Davide Turcato

Gold medallist sheds light on overlooked Italian anarchist

May 28, 2009

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By Roberta Staley

It is a historian’s gruelling but intriguing lot: countless hours unearthing the ephemera of bygone lives and epochs in hopes of gathering enough information from scribbled letters and dusty newspaper clippings to create truthful portrayals of people and the times in which they lived.

Occasionally, they uncover something truly remarkable, as happened with Davide Turcato, who graduates this June with the Governor General’s gold medal and a PhD in history from the Faculty of Arts and Social Sciences.

Turcato’s dissertation on 19th-century Italian anarchist Errico Malatesta, completed following years searching the libraries and archives of Europe for writings about and by his subject, was declared "stunning" by external examiner Dr. Kirwin Shaffer of Penn State.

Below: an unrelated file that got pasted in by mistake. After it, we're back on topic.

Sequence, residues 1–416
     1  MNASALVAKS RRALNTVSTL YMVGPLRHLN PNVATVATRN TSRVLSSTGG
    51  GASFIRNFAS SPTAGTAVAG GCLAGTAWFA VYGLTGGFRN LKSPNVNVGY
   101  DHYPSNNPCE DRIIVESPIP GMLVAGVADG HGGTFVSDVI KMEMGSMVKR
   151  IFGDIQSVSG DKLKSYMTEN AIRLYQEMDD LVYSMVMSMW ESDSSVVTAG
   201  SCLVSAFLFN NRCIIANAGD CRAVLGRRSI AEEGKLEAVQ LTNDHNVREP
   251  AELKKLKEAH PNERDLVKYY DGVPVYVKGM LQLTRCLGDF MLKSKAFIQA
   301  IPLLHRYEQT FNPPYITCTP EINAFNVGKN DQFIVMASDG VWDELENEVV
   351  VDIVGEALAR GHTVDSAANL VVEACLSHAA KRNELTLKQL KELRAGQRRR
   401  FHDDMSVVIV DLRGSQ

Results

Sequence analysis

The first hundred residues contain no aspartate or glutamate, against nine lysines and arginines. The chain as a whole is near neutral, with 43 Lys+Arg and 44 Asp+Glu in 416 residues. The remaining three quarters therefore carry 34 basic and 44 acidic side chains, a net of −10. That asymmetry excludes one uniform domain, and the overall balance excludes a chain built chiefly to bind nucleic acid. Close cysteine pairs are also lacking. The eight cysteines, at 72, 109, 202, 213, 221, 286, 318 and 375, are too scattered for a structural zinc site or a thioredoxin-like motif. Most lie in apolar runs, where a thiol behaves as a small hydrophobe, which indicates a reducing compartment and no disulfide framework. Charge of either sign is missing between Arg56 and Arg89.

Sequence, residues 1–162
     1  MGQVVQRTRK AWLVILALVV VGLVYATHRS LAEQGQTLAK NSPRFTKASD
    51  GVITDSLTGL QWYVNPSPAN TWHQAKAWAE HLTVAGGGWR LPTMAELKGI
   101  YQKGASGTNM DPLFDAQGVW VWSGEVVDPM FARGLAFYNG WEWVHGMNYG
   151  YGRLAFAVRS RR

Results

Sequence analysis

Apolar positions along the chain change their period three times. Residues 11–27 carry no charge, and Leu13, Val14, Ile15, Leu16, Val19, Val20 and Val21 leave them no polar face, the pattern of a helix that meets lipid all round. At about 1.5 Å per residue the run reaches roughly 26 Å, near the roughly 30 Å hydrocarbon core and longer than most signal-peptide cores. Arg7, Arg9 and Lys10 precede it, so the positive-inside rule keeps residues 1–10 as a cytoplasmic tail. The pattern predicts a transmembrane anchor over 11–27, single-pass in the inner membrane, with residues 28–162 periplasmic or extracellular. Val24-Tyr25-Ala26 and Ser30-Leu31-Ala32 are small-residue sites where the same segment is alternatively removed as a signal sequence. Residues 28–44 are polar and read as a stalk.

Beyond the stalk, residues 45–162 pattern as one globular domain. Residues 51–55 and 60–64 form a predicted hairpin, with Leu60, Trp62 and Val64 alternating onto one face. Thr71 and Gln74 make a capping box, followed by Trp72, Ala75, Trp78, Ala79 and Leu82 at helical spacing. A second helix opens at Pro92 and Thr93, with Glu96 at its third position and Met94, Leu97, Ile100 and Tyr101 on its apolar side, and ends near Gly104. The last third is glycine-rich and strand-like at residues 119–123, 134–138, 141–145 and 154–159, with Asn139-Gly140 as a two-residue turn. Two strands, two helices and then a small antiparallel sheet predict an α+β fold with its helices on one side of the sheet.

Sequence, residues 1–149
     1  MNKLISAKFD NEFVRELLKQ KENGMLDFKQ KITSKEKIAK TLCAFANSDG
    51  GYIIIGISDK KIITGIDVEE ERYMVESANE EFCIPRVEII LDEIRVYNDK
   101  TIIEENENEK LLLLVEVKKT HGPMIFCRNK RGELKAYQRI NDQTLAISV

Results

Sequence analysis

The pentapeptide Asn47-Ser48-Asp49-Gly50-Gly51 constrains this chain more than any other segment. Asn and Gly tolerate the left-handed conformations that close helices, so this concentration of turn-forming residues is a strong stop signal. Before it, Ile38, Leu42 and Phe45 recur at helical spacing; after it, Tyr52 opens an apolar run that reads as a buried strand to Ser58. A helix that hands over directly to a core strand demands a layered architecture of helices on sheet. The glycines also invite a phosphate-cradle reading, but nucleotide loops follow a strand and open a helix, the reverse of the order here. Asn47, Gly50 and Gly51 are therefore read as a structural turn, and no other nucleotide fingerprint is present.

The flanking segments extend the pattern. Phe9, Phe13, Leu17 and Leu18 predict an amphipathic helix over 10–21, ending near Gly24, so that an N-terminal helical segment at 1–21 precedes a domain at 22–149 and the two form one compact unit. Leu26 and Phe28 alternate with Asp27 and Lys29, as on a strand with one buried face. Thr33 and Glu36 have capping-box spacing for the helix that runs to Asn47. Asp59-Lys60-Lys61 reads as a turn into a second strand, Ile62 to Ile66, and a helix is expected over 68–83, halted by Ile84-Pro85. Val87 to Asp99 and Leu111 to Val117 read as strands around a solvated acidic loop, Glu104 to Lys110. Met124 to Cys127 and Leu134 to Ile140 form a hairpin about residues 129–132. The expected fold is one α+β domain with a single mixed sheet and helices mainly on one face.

Titled Making Sense of Anarchism: The Experiments with Revolution of Errico Malatesta, Italian Exile in London, 1889-1900, the dissertation is a tour de force. It not only sets the record straight on the originality of Malatesta’s socialist thought but also emphasizes the continuity and goal-oriented character of the anarchist movement around him.

Curiously, the thesis began as a hobby for the Italian-born historian who grew up in Modena, home of Pavarotti, Ferraris and balsamic vinegar. For years he was struck by how Malatesta, an influential humanist, political thinker and revolutionary in his day, had been dismissed by historians, and he began compiling a bibliography on the anarchist a decade ago.

"Historians usually consider anarchists as irrational," says Turcato, a former research associate in SFU’s School of Computing Science. "My goal was to show that there is a rational interpretation of what anarchists did, as well as show that Malatesta’s thought was very sophisticated."

As an anarchist advocating insurrection against oppressive government Malatesta lived most of his life in exile. It was a life of hardship and poverty, but one he embraced for what he believed to be the good of society. "His commitment to the cause is admirable," says Turcato.

Turcato now intends to find a way to reconcile his own interests in both historical research and computational linguistics, which is his current field of work.


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